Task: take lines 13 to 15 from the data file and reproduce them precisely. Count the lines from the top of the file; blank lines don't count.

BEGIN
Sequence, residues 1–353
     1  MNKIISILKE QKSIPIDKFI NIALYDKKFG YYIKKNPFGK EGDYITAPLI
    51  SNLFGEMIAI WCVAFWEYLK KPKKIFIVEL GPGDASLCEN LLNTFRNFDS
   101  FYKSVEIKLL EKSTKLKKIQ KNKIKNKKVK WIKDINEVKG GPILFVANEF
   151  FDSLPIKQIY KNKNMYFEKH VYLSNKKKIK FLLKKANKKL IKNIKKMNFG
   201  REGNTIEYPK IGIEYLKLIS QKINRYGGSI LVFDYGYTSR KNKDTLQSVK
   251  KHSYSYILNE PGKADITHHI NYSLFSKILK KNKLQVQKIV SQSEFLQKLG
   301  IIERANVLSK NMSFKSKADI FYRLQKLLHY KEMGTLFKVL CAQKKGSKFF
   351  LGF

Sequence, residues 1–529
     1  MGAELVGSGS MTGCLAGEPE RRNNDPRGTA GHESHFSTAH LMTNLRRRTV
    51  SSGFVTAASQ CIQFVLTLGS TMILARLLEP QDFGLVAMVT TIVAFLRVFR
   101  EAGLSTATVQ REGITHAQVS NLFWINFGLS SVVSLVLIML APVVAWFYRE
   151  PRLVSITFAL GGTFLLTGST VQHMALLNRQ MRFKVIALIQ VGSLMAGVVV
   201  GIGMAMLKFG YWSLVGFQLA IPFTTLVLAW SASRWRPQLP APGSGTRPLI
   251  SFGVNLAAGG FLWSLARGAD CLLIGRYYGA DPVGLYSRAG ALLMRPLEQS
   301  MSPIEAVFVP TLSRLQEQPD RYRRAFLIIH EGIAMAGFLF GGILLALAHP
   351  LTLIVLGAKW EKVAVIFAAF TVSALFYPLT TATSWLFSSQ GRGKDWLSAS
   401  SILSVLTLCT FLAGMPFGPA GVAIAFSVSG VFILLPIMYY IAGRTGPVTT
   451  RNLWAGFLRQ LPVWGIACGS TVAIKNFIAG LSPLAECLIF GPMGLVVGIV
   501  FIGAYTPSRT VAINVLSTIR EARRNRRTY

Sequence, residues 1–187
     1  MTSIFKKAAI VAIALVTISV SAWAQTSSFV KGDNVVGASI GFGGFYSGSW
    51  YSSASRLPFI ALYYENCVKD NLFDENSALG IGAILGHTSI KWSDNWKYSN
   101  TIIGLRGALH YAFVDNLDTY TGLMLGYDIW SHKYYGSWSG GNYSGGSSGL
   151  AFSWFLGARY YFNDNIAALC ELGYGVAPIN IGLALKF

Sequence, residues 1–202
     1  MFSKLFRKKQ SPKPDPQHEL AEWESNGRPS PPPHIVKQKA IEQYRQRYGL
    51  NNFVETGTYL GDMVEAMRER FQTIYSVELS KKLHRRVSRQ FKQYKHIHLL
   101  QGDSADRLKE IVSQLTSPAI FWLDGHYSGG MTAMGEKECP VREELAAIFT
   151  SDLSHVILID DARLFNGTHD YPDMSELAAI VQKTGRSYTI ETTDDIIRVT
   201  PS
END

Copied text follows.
   101  EAGLSTATVQ REGITHAQVS NLFWINFGLS SVVSLVLIML APVVAWFYRE
   151  PRLVSITFAL GGTFLLTGST VQHMALLNRQ MRFKVIALIQ VGSLMAGVVV
   201  GIGMAMLKFG YWSLVGFQLA IPFTTLVLAW SASRWRPQLP APGSGTRPLI